Top four brewers account for over half world's beer
LONDON Feb 8 (Reuters) - The world's four biggest brewers now account for over half the global market for beer after recent deals such as Dutch brewer Heineken's (HEIN.AS) takeover of Mexico's FEMSA, researcher Plato Logic said on Monday.
Belgium-based Anheuser-Busch InBev (ABI.BR), London-listed SABMiller (SAB.L), Heineken, and Denmark's Carlsberg (CARLb.CO) have moved ahead of the rest of the pack led by China's Tsingtao Brewery (0168.HK) (600600.SS) in fifth place.
"The new Big 4 have established a clear lead, with combined market share estimated at just over 50 percent (pro forma 2009)," Plato said.
Budweiser-brewer AB-InBev had beer volumes of around 350 million hectolitres in 2009, well ahead of Miller-brewer SABMiller at just under 250 million, Heineken at just over 200 million, and Carlsberg around 125 million, while Tsingtao trailed at just over 50 million hectolitres a year.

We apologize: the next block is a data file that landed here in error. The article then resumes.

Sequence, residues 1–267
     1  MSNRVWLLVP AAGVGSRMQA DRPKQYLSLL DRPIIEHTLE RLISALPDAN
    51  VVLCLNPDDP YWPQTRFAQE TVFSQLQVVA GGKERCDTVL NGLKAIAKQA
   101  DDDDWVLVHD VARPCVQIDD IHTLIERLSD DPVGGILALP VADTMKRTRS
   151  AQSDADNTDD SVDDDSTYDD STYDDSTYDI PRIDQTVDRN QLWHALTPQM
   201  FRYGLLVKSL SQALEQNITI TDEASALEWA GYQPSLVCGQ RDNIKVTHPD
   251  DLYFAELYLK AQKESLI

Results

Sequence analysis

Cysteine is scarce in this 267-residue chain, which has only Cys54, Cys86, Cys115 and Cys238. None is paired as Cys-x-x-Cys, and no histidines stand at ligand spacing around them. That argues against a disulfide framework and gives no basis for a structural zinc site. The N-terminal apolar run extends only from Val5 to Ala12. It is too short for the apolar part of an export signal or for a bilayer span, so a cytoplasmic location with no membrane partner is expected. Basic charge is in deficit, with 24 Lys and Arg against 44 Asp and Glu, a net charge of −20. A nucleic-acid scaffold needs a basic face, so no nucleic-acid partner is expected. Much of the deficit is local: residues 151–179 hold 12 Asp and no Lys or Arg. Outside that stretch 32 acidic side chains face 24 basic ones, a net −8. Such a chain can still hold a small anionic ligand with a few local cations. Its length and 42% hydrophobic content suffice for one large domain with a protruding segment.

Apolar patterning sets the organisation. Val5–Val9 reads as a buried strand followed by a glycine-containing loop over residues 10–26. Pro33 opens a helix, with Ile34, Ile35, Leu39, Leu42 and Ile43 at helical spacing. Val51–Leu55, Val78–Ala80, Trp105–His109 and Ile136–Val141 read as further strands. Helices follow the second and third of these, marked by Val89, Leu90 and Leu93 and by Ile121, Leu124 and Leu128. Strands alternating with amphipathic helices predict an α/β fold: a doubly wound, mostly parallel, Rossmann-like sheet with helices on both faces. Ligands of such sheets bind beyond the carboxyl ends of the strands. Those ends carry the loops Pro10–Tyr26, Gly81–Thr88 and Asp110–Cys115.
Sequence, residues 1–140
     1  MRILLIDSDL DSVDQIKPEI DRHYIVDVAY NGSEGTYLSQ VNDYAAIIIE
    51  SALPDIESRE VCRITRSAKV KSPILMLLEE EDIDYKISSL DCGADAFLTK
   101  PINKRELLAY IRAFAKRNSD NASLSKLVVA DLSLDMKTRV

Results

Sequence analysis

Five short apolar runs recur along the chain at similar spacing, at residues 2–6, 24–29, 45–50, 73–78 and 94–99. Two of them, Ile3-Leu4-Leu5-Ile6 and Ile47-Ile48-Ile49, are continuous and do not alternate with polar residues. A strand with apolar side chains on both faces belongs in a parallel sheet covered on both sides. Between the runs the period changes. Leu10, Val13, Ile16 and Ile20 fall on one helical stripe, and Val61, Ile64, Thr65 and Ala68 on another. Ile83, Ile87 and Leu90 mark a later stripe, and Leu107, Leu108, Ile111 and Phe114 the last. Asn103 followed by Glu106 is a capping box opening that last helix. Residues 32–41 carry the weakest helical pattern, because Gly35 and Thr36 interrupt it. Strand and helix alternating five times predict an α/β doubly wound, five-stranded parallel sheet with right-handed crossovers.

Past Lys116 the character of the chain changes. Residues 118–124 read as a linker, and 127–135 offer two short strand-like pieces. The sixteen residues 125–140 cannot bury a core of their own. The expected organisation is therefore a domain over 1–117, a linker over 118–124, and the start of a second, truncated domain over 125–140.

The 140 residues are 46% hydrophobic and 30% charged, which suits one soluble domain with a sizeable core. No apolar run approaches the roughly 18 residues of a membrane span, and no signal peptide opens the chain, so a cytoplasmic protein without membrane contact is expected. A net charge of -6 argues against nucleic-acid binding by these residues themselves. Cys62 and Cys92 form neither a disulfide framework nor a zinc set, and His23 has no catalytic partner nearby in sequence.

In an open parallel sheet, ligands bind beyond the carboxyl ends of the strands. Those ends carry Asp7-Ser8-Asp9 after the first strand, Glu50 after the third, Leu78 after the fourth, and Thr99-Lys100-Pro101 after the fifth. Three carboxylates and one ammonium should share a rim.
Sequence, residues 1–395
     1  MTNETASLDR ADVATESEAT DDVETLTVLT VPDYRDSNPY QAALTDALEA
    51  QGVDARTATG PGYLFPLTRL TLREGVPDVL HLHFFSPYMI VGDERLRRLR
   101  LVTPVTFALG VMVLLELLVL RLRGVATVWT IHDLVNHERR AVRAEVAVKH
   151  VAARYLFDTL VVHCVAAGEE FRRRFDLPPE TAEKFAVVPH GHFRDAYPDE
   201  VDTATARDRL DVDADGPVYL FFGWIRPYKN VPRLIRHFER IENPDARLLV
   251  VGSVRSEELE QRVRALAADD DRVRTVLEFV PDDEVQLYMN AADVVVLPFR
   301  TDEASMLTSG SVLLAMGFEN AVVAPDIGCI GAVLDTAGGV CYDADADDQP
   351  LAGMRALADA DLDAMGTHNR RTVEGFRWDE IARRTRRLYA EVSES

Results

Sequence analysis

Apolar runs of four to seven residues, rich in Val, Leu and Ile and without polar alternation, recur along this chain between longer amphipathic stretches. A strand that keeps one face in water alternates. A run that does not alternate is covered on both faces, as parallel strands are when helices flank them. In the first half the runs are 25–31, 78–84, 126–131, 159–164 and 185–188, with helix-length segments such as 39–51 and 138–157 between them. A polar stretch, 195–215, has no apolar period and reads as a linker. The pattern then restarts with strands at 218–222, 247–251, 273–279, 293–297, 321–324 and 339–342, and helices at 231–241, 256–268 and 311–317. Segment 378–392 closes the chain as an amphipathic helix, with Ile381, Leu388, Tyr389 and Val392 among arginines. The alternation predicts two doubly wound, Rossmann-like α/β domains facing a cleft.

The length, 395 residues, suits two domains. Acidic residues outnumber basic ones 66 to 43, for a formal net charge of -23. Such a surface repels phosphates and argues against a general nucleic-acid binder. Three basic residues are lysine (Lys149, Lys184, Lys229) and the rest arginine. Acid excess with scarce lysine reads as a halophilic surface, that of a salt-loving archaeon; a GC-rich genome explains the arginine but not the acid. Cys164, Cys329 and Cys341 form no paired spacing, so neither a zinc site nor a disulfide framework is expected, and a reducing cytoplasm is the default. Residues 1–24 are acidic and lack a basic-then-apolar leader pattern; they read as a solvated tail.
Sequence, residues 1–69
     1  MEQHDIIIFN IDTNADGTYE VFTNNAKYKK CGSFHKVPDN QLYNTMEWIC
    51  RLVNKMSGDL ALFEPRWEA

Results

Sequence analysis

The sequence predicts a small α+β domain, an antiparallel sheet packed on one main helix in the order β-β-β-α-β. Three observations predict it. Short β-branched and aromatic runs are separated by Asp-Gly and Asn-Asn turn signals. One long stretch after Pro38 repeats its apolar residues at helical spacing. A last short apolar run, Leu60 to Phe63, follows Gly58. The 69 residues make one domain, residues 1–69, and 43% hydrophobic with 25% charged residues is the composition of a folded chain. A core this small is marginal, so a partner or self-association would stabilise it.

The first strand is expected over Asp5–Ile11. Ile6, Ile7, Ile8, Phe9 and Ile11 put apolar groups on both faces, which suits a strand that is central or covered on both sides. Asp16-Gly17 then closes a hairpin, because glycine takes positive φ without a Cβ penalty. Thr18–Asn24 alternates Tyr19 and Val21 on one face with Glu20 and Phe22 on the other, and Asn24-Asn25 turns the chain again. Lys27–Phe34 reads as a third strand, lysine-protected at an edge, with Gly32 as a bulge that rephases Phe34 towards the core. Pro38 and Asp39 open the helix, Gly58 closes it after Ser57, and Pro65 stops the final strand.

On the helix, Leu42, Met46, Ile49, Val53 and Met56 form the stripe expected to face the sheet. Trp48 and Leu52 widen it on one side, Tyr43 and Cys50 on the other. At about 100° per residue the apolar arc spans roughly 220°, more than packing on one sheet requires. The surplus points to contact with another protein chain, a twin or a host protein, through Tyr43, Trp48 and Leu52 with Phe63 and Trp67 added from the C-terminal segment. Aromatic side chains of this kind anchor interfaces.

In sixth place was North American Molson-Coors Brewing Co (TAP.N), while Mexico's Grupo Modelo (GMODELOC.MX), China's Beijing Yanjing Brewery Co Ltd (000729.SZ) and Japanese brewers Kirin Holdings Co Ltd (2503.T) and Asahi Breweries Ltd (2502.T) made up the rest of the top 10.
Plato said the world beer market grew less than 0.1 percent in 2009, but expected it to pick up in 2010 to growth of about 3 percent.
"While this may appear quite optimistic, we would expect growth to resume in some emerging markets," Plato director Ian Pressnell said. (Reporting by David Jones; Editing by Dan Lalor)
- Malaysian plane presumed crashed; questions over false IDs |
- CORRECTED-UPDATE 4-Malaysia Airlines plane crashes in South China Sea with 239 people aboard - report
- China draws 'red line' on North Korea, says won't allow war on peninsula
- Warning shots fired to turn monitors back from Crimea |
- Malaysian plane crashed off Vietnam coast: state media